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Posted in Helpful Articles, Recovery

What to Expect at Your First AA Meeting

If you have admitted to yourself that you have a problem with alcohol, you may be considering attending a meeting of Alcoholics Anonymous but feel somewhat anxious, wondering what to expect. You may have heard any one of a number of rumors about AA and other 12-step programs. For instance, you may have been told AA is some kind of cult or that you can’t belong to AA if you are not a religious person. You may think that sober people are boring, and that AA turns newcomers into equally boring people.

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Posted in Early Recovery

Acceptance and Commitment Therapy: Using Your Strengths to Fight Addiction

By Edie Weinstein, MSW

Most people affected by addiction in some way are familiar with the spiritual wisdom of traditional 12-step recovery programs known as the Serenity Prayer: “God grant me the serenity to accept the things I cannot change, the courage to change the things I can, and the wisdom to know the difference.”

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Posted in Early Recovery

How To Work Step Twelve

Having had a spiritual awakening as the result of these steps, we tried to carry this message to other addicts, and to practice these principles in all our affairs.

The first thing to do when you approach step twelve is to recognize the first portion of step’s language: having had a spiritual awaking as the result of these steps. In other words, by the time you reach step twelve you will have had a spiritual awakening of some sort.

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Posted in Early Recovery

How to Work Step Eleven

Sought through prayer and meditation to improve our conscious contact with God as we understood Him, praying only for knowledge of His will for us and the power to carry that out.

Step eleven, like step ten, is not a step that is worked once and then forgotten. Instead, it is part of an ongoing (usually daily) ritual of recovery. That said, recovering addicts often find “prayer” and “meditation” to be somewhat baffling concepts. And some, especially those who began the recovery process as agnostics or atheists, may still be struggling with the concept of having a “higher power” at all. For these reasons (and many others) step eleven can be a difficult step to work. If you find yourself struggling with step eleven, take heart in the fact that you are very far from alone, for even the most devoutly religious members of 12-step recovery groups sometimes temporarily lose their way here.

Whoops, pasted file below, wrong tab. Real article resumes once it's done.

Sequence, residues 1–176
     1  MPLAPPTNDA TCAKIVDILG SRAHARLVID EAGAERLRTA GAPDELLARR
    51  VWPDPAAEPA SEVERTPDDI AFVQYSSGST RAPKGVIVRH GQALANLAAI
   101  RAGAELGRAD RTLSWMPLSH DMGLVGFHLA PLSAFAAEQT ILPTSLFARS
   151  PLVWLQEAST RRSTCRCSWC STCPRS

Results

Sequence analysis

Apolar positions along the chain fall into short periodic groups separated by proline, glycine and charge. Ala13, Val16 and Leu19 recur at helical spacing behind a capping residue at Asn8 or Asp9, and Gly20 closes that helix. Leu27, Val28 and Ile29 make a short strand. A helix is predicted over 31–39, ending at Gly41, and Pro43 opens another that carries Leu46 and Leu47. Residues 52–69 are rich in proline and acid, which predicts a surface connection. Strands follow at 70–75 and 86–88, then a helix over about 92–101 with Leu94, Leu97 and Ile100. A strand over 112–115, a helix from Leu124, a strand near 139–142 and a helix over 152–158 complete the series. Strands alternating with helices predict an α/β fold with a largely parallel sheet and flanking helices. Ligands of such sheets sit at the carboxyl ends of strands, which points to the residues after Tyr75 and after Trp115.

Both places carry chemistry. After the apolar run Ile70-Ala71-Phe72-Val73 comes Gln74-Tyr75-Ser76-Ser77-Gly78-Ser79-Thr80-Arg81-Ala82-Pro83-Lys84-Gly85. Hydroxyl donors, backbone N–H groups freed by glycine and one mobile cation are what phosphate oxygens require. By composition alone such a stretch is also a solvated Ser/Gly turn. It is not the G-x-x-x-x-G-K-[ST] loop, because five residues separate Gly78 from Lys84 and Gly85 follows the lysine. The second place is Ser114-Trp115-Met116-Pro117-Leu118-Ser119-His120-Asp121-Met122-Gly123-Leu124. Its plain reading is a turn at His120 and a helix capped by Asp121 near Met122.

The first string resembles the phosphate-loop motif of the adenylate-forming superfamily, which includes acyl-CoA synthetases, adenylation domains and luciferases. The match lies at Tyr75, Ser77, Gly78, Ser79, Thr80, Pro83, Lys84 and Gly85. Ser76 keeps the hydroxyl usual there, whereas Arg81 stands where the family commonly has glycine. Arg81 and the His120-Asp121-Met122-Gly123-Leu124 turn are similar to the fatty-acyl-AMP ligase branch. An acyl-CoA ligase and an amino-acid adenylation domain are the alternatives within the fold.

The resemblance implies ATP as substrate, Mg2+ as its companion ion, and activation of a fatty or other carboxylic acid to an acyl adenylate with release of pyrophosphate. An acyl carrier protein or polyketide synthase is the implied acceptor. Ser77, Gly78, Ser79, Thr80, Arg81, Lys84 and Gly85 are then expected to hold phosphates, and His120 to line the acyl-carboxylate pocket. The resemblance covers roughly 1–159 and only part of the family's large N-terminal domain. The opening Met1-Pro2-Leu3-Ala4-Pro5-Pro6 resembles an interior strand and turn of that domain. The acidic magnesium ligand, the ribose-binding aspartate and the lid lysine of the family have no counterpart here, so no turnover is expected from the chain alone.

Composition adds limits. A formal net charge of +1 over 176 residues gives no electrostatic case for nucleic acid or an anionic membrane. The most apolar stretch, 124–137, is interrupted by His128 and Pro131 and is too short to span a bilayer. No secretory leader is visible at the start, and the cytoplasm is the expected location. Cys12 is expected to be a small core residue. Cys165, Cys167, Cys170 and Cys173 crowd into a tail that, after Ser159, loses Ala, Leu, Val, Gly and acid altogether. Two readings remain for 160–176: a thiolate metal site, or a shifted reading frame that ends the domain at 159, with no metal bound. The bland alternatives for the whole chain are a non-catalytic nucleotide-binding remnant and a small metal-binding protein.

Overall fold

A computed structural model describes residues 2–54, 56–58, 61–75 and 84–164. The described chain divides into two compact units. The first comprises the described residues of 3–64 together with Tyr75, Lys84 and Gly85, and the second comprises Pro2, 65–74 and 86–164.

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Posted in Early Recovery

How to Work Step Ten

Continued to take personal inventory, and when we were wrong promptly admitted it.

Step ten in most respects is the logical culmination of the previous nine steps. In essence, the first nine steps are about stopping the bleeding of addiction, and then identifying and cleaning up the wreckage of our pasts. Step ten begins the process of living differently in the present. Essentially, it is an ongoing version of steps four through nine, where we take a quick inventory of a situation, identify our part in it, and, when necessary, either self-correct or make an amends. Happily, having worked steps four through nine already, we are familiar with this “inventory, assessment, change, and amends” process. The difference here is that step ten inventories deal with the present rather than the past, and the schedule for self-correcting or making an amends is “as soon as possible” rather than waiting until you are spiritually fit and the time is right.